Listed Building

The only legal part of the listing is the address/name of site. Addresses and building names may have changed since the date of listing – see ‘About Listed Buildings’ below for more information.

DUNSDALE ROAD, ETTRICK MILLLB40578

Status: Designated

Documents

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Summary

Category
A
Date Added
12/03/1971
Local Authority
Scottish Borders
Planning Authority
Scottish Borders
Burgh
Selkirk
NGR
NT 47168 29288
Coordinates
347168, 629288

Description

Founded 1835-6, large woollen spinning and tweed manufacturing complex comprising: (A) tall mule-spinning mill, (B) wheelhouse, (C) chimneystalk, (D) engine and boiler house, (E) 2-storey weaving mill with tower, (F) dyehouse (G) sheds NE of tall mill, (H) Bridge.

A: MILL dated 1836, doubled to NE 1850. Large symmetrical woollen spinning mill 4-storey with basement and double attic, 27-bay with central pedimented gable and 3- by 3-bay projecting gabled wings. Coursed and squared rubble with ashlar dressings, quoins, string and blocking courses.

FRONT elevation set back from street 4-storey 21-bay main range, centre bay tripartite with ground floor door (ornate wrought-iron lamp over). Attic 3-bay pediment with centre Venetian window and flanking lights inscribed MDCCCXXXVI JB ETTRICK MILL HB MDCCCL. Clock in oculus over Venetian window. Bellcote missing.

WINGS: 3-bay to yard with steep 5-storey 3-bay gables, attic oculi and gable end stacks. 8-bay side elevations.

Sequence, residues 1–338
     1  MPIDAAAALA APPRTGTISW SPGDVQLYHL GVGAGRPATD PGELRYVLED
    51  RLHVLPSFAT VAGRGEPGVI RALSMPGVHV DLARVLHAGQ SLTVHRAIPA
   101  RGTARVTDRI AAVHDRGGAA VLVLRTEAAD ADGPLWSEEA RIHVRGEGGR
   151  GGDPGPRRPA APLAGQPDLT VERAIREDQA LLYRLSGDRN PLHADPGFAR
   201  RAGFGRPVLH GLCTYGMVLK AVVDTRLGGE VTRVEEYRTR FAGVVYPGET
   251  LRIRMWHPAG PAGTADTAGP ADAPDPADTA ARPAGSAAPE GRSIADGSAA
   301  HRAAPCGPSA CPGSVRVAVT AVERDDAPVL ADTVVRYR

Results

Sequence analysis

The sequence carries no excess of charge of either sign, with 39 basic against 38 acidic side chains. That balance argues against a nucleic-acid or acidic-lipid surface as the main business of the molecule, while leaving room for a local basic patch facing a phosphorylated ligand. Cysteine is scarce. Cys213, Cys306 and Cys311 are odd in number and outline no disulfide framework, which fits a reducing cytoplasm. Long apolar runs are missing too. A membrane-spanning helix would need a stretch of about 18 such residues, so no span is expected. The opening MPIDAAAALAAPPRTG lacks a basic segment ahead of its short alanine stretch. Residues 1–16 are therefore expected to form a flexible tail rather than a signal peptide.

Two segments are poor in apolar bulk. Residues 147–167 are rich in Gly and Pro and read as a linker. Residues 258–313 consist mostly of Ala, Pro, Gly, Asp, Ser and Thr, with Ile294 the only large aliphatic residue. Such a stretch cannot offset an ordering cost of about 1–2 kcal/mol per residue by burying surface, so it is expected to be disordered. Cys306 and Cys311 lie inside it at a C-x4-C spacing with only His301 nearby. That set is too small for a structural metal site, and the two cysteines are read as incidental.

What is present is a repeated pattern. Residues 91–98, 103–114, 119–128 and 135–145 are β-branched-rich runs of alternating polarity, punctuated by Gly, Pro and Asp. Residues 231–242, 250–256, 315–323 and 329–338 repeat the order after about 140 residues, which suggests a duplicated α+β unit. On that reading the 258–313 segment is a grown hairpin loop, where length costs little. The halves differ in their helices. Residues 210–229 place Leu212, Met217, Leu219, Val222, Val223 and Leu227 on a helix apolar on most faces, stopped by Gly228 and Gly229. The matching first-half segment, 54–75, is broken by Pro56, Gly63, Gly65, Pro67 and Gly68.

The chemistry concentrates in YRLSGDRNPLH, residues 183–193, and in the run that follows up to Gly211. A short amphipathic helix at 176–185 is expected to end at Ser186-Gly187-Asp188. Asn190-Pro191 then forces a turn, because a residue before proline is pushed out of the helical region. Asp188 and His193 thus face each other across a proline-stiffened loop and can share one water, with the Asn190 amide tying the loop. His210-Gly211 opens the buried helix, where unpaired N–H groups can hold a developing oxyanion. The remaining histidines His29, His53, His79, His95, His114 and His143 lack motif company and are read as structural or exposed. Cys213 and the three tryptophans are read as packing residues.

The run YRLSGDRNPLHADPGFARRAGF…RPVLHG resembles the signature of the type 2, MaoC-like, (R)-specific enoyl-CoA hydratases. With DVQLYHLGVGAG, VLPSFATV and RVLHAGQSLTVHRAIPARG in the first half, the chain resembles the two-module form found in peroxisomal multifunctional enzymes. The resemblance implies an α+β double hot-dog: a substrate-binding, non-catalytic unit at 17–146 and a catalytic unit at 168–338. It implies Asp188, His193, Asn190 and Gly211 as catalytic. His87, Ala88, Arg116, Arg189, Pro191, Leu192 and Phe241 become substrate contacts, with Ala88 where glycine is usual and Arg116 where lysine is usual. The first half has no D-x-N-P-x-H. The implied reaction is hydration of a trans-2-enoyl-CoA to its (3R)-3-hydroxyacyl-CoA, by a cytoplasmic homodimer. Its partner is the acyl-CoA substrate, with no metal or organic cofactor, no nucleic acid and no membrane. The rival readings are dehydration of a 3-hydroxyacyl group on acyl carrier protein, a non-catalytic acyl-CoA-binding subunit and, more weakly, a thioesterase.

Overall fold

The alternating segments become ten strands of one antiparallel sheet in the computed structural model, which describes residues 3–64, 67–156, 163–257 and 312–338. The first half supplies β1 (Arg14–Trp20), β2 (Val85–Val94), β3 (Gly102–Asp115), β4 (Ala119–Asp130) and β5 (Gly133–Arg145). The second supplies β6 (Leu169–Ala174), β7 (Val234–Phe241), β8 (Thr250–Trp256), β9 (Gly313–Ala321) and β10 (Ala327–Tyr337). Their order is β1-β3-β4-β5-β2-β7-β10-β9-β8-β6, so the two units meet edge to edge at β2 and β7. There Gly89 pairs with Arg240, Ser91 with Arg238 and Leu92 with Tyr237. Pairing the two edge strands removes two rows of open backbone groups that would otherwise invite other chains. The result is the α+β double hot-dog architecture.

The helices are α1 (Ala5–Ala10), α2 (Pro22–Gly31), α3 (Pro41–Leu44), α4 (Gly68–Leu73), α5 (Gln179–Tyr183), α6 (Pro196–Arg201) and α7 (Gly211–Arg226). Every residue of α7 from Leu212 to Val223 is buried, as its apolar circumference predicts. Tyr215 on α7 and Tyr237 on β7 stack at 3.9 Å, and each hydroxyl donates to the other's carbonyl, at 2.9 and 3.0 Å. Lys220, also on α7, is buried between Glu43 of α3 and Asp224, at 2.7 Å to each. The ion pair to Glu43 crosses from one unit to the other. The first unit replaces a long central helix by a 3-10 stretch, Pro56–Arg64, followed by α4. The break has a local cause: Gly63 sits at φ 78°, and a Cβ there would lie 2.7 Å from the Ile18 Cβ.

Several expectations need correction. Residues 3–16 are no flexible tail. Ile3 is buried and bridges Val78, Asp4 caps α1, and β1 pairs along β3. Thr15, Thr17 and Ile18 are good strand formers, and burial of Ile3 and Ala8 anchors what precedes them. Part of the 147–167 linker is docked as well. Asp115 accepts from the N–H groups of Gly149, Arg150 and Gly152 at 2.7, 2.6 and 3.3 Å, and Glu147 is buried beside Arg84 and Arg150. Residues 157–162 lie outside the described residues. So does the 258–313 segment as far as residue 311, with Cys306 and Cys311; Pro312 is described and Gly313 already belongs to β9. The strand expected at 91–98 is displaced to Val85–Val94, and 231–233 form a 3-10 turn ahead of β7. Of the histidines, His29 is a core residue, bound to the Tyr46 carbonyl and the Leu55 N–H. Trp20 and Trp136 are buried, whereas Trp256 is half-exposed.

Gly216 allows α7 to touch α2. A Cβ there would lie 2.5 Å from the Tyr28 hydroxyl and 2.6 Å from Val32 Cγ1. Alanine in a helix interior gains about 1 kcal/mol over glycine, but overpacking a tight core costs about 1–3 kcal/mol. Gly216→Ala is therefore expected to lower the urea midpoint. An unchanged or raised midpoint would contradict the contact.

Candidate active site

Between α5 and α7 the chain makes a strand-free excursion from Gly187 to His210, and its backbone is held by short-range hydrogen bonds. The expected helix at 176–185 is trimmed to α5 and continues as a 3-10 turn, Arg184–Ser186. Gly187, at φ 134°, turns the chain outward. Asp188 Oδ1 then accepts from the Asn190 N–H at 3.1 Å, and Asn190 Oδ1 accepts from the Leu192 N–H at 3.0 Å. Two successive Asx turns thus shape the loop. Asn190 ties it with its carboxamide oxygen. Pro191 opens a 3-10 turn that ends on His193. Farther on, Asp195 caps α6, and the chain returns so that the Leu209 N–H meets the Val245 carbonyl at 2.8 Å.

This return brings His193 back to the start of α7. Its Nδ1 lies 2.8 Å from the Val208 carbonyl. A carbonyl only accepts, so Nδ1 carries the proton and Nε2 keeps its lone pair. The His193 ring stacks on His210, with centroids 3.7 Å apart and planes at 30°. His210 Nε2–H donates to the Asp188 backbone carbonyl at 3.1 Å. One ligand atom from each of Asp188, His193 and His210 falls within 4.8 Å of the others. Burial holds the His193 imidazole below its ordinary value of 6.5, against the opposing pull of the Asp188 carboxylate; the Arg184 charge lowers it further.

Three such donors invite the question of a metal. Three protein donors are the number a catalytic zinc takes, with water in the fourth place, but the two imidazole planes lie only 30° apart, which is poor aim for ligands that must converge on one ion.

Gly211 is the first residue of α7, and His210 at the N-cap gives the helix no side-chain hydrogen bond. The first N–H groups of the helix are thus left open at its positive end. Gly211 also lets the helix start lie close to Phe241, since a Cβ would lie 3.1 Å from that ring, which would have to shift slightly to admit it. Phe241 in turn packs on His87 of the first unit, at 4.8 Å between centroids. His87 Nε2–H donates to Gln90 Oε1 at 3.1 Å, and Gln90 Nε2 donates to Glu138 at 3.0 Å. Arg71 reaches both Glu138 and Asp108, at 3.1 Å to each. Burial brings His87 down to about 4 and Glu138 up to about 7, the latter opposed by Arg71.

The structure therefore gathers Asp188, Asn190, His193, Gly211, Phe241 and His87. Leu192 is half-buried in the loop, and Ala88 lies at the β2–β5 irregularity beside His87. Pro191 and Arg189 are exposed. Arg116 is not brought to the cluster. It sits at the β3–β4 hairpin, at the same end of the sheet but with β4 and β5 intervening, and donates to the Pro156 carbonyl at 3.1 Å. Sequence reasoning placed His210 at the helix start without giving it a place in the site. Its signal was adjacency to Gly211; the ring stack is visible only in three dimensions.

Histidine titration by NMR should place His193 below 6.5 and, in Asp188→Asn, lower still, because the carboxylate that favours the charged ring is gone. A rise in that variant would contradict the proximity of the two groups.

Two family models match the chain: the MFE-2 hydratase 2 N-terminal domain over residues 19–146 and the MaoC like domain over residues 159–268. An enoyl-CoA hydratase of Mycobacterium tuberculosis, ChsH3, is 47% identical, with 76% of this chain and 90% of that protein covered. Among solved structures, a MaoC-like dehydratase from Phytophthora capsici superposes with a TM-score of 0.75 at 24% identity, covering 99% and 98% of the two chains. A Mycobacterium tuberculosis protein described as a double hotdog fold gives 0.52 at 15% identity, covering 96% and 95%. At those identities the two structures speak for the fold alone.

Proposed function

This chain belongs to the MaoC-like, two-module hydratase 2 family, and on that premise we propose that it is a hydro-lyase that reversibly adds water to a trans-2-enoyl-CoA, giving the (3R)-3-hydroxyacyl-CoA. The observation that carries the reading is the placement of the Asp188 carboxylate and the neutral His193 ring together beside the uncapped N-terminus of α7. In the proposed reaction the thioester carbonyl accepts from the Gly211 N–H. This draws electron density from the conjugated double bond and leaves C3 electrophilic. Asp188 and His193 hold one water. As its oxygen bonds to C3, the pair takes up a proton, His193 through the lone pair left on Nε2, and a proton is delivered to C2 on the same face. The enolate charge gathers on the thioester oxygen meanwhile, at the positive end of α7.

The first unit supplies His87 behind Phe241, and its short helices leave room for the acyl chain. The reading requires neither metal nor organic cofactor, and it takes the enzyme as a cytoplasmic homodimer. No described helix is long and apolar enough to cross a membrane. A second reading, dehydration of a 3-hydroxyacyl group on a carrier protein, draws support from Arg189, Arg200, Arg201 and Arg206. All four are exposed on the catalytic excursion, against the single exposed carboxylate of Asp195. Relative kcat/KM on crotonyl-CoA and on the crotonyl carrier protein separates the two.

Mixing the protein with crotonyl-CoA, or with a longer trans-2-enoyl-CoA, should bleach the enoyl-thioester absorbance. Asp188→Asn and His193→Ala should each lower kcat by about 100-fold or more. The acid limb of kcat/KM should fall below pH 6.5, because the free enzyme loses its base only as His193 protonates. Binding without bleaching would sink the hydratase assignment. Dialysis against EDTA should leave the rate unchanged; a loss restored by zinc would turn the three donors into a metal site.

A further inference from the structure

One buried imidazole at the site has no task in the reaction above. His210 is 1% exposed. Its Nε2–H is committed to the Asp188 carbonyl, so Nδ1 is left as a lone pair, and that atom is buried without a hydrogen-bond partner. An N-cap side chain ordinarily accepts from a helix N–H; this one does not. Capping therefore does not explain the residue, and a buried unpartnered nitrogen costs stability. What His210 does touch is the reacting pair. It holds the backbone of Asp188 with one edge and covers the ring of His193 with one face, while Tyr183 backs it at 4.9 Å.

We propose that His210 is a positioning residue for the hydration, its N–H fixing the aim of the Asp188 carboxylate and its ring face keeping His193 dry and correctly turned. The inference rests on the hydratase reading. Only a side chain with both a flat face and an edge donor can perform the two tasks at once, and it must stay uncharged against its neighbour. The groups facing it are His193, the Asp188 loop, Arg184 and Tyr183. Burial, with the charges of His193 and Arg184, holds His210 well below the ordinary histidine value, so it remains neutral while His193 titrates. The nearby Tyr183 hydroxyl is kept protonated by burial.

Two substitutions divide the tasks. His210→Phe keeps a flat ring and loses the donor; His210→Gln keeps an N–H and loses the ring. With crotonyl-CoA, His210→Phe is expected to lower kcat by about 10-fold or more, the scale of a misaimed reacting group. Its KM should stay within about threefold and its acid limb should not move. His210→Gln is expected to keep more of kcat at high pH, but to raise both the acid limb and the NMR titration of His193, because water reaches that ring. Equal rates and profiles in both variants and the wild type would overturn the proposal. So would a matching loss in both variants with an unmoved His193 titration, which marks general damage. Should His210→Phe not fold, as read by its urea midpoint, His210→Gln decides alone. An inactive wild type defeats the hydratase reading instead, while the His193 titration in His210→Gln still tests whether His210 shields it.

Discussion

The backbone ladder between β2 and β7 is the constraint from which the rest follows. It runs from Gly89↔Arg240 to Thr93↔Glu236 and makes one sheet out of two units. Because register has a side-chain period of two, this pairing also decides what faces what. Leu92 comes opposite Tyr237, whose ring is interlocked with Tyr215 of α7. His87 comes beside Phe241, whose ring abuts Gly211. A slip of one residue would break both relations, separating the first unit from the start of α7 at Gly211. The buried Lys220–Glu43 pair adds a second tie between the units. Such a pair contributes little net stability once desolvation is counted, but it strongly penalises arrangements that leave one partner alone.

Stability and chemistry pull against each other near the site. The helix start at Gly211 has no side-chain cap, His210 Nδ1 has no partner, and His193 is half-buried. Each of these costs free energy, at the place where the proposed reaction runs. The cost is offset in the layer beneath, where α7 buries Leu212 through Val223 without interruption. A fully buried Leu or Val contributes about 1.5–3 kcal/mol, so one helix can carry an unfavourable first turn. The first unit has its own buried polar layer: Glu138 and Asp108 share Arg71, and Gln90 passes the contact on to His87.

REAR random rubble-built; regular 27-bay, slight gaps separating 3 end bays. Small saw-toothed addition to SW, of lesser interest. Square basement windows to NE, 1850, range.

Slate roofs with double tier of skylights. Skews and stacks define original 10-bay mill. Windows 4-pane top hopper.

INTERIOR: 1836 mill timber-floored on transverse timber beams and 3 rows of slim cast-iron columns connected on lower floors by saddles, brackets for line shafting down centre row. Double attic with collar-beam roof. 1850 mill and NE wing similar but with thicker columns socketed vertically and without brackets. Single attic with open collar-beam. Ground floor reinforced in steel circa 1950. SE wing, probably 1850, fireproof brick arches on cast-iron beams and single row of cast-iron columns.

B: WHEELHOUSE: perpendicular to, and almost adjoining, the centre of the rear elevation of the rear elevation of the mill, 1836, lengthened 1850, altered 1919. Single-storey 6-bay elevations with centre and gable skewputts. SE elevation rendered except ashlar details. Grilles protect water intake. NE gable reconstructed 1919 (probable date of installation of electric generators). Slate roof with very large skylights and louvred gablets.

C: CHIMNEY STALK: 1858-65. Circa 150 foot tall octagonal brick stalk on ashlar base, linked to boiler-house. Top oversailer missing.

D: BOILER AND ENGINE HOUSE: 1858-65, extended to NE 1895, original part largely reconstructed probably in 1919. Rubble-built with ashlar dressings. Central gabled engine house with 3 arched lights, skewputts oculus and ball finial. Lower 3 bays to right with round-headed lights. Large semi-circular window over long opening with steel lintel. Projecting bay to N with cast-iron roof tank inscribed "Melrose and Sons Engineers and Ironfounders Hawick". Boiler house to S rebuilt circa 1919 in harled brick retaining original ashlar round-headed window dressings. NW elevation timber boarded. Slate roofs with louvred ventilators. Fine arched braced timber roof trusses.